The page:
Charlotte area unemployment rate ticked up to 6.5 percent in May

07/01/2014 10:52 AM

07/01/2014 7:22 PM

The Charlotte area’s jobless rate ticked upward slightly in May, as it did in all the state’s metropolitan areas, but remains nearly 2 percentage points lower than the previous year, new data show.

The unemployment rate for the Charlotte-Gastonia-Rock Hill, S.C., area stood at 6.5 percent in May, according to the N.C. Department of Commerce. It was 8.3 percent in May 2013.

For Mecklenburg County, the May jobless rate stood at 6.7 percent, down from 8.2 percent in May 2013 but up slightly from the 6.3 percent rate in April.

The area showed strong year-over-year growth in the professional and business services sector, which was up 8,100 jobs, an increase of 5.7 percent. Trade, transportation and utilities jumped by 7,300 jobs, or 4.1 percent. The sector that includes the closely watched construction industry jumped 7.1 percent, adding 2,900 jobs.

The left-leaning N.C. Budget & Tax Center called the unemployment figures the latest proof that Charlotte and Raleigh are faring far better in the recession’s wake than the state’s more rural areas.

While Charlotte and Raleigh have both gained more than 21,000 jobs over the past year, Fayetteville lost 600 jobs and Rocky Mount added just 200, a job growth rate that would require another four decades to replace all the jobs lost during the recession.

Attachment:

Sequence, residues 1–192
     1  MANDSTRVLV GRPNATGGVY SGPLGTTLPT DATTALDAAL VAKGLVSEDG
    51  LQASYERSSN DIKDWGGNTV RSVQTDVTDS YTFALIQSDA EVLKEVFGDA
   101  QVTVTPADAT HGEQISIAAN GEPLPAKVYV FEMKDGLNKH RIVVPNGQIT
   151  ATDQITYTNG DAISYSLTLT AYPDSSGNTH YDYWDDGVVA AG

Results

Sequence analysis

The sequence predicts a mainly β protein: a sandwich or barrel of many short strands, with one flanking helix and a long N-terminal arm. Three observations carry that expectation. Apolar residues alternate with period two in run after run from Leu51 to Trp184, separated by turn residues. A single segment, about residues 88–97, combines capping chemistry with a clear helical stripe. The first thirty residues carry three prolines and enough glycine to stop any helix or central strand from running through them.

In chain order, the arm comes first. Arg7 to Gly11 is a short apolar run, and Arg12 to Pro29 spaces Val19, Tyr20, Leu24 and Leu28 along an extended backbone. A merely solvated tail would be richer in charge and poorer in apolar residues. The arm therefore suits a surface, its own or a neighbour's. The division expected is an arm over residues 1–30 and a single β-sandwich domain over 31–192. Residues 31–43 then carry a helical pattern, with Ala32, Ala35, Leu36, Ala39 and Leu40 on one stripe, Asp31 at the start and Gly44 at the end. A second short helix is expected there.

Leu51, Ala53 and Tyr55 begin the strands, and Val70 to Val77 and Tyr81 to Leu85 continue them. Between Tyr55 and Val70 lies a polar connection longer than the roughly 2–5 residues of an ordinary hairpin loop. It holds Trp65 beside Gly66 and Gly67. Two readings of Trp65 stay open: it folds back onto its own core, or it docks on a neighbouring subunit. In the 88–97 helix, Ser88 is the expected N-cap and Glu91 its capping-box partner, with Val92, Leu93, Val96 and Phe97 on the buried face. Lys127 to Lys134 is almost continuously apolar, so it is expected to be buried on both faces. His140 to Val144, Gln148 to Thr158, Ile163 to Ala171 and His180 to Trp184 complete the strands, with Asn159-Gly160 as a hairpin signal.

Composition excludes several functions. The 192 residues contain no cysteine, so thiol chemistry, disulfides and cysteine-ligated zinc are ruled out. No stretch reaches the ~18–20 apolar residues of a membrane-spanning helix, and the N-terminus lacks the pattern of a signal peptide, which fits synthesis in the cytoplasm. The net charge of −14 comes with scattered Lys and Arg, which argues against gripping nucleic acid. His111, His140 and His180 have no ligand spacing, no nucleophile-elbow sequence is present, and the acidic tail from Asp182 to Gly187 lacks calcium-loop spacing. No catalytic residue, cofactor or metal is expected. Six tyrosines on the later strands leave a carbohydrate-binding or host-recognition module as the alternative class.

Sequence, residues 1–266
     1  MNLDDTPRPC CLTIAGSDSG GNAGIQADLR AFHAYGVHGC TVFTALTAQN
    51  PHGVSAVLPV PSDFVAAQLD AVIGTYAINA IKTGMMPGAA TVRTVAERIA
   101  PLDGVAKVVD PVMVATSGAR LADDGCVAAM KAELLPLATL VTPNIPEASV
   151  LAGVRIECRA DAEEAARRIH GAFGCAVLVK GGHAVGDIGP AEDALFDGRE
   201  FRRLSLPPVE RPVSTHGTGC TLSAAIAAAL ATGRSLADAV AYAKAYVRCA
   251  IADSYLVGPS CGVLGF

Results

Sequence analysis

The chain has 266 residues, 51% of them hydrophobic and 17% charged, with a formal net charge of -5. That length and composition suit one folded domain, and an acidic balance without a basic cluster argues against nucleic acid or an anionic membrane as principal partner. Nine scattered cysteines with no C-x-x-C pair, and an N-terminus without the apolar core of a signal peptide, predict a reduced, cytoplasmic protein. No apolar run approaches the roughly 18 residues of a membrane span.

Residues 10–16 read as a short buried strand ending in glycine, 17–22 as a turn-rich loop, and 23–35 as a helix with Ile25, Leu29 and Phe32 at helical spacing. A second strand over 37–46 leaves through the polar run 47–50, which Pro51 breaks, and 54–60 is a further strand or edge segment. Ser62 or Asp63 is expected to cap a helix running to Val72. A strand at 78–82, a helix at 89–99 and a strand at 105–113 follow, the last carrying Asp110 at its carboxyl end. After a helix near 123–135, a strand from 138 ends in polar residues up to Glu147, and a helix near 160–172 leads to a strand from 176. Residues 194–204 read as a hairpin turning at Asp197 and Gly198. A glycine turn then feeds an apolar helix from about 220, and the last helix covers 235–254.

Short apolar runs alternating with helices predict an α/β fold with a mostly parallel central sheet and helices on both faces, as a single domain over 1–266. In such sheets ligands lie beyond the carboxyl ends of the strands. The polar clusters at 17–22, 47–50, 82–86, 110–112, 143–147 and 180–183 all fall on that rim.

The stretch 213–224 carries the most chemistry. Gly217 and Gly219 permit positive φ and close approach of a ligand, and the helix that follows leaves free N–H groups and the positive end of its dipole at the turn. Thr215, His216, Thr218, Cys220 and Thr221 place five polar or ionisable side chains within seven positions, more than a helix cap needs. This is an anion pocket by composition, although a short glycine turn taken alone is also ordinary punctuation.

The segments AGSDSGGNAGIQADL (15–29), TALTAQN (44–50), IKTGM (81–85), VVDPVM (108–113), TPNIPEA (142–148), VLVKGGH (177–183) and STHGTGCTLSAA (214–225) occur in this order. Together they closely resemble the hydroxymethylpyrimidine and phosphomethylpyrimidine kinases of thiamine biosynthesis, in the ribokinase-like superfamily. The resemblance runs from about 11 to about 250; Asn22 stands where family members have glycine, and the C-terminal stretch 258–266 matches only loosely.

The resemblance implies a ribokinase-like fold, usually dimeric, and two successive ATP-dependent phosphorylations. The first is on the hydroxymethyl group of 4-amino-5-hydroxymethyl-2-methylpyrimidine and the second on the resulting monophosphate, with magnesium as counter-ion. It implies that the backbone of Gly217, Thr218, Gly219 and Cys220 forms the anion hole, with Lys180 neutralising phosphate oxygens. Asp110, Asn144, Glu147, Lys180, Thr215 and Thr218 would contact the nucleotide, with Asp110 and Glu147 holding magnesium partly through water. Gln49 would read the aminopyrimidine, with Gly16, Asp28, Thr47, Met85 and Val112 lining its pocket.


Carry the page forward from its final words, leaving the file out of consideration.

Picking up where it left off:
“May’s local jobs report makes it clear that the current economic recovery is concentrated in just a handful of metros, bypassing much of the rest of the state,” said Allan Freyer, an analyst with the center.

The state is gaining about 5,500 jobs a month, said John Quinterno, principal of South by North Strategies, a Chapel Hill-based research firm.

At that rate, North Carolina won’t match its pre-recession payroll jobs level until early next year.

“We’re grinding away at more or less the same basic pace,” he said. Assuming the state matches its pre-recession job levels early next year, “that means it would have taken a little over seven years to get back to the number of jobs we had in 2007. That’s not normal, that’s not healthy, that’s not the sign of a good healthy labor market that’s generating jobs for people who want to go to work.”

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